Solution

Prove that the cardinality of the power set of a given set is never equal to the cardinality of the set itself.



(For a metaphorical context for the below argument, consult the notes on the cardinality of the power set.)

We argue indirectly.

Suppose we assume that the cardinality of a set $S$ and its power set $P(S)$ are equal.

As such, there must exist some function $f: S \rightarrow P(S)$ which is a bijection.

Let us define the following subsets of $S$:

$$C = \{x \in S \;|\; x \in f(x) \}$$ $$H = \{x \in S \;|\; x \not\in f(x) \}$$

Note, $H$ is a subset of $S$, so it must be an element of the power set $P(S)$.

Since $f$ is a bijection, there must exist some $a \in S$ such that $f(a) = H$

Clearly, any element of $S$ must be in either $H$ or $C$, but never both. With this in mind, consider the implications for the aforementioned element $a$...

If $a \in H$, then $a \not\in f(a)$. As $f(a)=H$, this implies $a \not\in H$. Contradiction.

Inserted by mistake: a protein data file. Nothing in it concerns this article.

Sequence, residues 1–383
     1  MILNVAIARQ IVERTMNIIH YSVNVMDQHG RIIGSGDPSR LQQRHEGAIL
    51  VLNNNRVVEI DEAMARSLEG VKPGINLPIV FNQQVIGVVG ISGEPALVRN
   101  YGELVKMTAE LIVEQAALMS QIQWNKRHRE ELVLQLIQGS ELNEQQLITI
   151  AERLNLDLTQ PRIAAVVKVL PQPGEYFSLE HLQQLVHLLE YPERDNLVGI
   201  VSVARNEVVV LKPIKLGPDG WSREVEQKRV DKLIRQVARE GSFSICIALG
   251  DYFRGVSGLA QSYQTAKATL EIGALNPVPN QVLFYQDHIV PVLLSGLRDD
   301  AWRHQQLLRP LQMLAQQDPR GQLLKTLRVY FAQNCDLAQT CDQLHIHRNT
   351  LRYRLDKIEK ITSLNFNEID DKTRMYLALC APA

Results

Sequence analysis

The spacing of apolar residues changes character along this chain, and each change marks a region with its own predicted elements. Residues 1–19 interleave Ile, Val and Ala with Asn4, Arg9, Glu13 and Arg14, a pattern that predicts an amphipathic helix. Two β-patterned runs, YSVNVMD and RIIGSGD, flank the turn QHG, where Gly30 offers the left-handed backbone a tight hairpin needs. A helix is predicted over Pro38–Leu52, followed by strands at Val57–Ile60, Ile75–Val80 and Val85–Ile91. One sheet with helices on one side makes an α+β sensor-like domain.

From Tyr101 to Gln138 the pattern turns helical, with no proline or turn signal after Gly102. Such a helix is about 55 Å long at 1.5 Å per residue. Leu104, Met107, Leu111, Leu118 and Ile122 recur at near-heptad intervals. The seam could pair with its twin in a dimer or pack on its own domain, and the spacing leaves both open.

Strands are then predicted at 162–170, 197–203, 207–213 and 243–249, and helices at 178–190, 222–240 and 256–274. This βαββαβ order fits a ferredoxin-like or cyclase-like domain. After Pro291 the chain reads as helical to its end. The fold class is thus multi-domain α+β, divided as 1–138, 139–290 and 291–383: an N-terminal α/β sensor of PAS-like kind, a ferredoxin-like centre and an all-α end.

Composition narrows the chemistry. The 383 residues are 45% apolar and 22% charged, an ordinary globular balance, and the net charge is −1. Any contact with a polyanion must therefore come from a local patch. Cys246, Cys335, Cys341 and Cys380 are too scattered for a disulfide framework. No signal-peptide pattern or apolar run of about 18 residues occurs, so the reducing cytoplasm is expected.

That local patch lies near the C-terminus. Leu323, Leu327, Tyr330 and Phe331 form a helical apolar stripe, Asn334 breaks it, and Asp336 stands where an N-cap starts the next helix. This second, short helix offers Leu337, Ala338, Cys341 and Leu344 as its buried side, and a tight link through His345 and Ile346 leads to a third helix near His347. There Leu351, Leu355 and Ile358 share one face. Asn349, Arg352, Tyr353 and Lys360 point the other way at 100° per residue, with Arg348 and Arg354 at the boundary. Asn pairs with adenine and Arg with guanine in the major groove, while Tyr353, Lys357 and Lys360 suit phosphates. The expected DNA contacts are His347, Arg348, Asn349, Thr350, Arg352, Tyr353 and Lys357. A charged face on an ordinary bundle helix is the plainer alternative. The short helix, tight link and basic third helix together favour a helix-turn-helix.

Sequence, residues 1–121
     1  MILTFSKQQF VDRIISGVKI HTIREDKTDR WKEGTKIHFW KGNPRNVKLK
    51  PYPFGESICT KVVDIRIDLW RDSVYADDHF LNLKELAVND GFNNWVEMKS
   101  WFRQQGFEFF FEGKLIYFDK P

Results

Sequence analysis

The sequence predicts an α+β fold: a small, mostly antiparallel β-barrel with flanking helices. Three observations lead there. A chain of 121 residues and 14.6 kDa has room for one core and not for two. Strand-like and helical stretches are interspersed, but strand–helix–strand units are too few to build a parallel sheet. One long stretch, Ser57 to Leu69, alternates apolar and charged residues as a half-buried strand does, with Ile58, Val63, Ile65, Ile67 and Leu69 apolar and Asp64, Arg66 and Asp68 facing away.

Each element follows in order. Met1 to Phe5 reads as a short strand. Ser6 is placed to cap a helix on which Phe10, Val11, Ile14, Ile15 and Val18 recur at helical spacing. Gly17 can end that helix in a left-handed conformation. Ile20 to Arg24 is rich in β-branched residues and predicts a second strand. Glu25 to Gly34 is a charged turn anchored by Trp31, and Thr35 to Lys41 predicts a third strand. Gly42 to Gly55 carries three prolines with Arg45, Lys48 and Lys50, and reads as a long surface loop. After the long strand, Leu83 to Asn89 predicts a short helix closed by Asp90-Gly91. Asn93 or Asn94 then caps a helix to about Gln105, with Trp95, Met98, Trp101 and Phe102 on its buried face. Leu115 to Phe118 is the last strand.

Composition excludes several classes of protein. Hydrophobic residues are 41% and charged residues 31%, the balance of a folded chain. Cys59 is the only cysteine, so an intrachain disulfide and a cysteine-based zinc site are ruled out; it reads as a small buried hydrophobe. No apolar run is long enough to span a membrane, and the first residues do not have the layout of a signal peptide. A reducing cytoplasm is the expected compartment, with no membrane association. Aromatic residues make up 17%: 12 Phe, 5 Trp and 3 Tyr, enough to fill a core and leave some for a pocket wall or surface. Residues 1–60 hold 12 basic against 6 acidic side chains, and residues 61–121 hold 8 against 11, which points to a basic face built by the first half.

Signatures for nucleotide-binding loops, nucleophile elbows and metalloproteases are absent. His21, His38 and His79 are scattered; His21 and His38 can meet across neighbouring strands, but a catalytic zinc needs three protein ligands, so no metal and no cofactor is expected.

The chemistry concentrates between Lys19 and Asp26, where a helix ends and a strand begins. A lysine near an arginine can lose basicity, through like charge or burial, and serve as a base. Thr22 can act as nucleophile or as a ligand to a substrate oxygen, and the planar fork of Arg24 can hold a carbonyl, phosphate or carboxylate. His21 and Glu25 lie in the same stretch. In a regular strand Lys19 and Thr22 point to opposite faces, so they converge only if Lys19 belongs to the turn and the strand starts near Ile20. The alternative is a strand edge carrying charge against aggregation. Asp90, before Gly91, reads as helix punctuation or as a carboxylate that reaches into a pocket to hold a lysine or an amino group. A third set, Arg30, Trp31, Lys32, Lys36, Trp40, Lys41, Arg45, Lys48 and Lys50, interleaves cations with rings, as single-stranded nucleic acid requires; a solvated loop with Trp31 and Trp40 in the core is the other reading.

If $a \in C$, then $a \in f(a)$. As $f(a) = H$, this implies $a \in H$, which requires $a \not\in C$. Contradiction.

So $a$ is not an element of $H$ or $C$.

However, we argued just moments before that every element of $S$ (which includes $a$) must be in one of these two sets.

This gives us the contradiction needed to reject our original assumption that the cardinality of a set $S$ and its power set $P(S)$ are equal.

It must then be the case that the cardinality of a set $S$ and its power set $P(S)$ are not equal.

QED.